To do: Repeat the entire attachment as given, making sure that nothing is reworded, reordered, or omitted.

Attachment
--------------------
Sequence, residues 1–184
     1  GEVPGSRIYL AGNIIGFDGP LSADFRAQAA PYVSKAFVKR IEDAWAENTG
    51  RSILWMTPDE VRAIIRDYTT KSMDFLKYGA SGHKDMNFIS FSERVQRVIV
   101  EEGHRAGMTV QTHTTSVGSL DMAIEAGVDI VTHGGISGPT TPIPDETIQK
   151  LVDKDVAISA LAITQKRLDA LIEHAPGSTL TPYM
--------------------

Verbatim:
Sequence, residues 1–184
     1  GEVPGSRIYL AGNIIGFDGP LSADFRAQAA PYVSKAFVKR IEDAWAENTG
    51  RSILWMTPDE VRAIIRDYTT KSMDFLKYGA SGHKDMNFIS FSERVQRVIV
   101  EEGHRAGMTV QTHTTSVGSL DMAIEAGVDI VTHGGISGPT TPIPDETIQK
   151  LVDKDVAISA LAITQKRLDA LIEHAPGSTL TPYM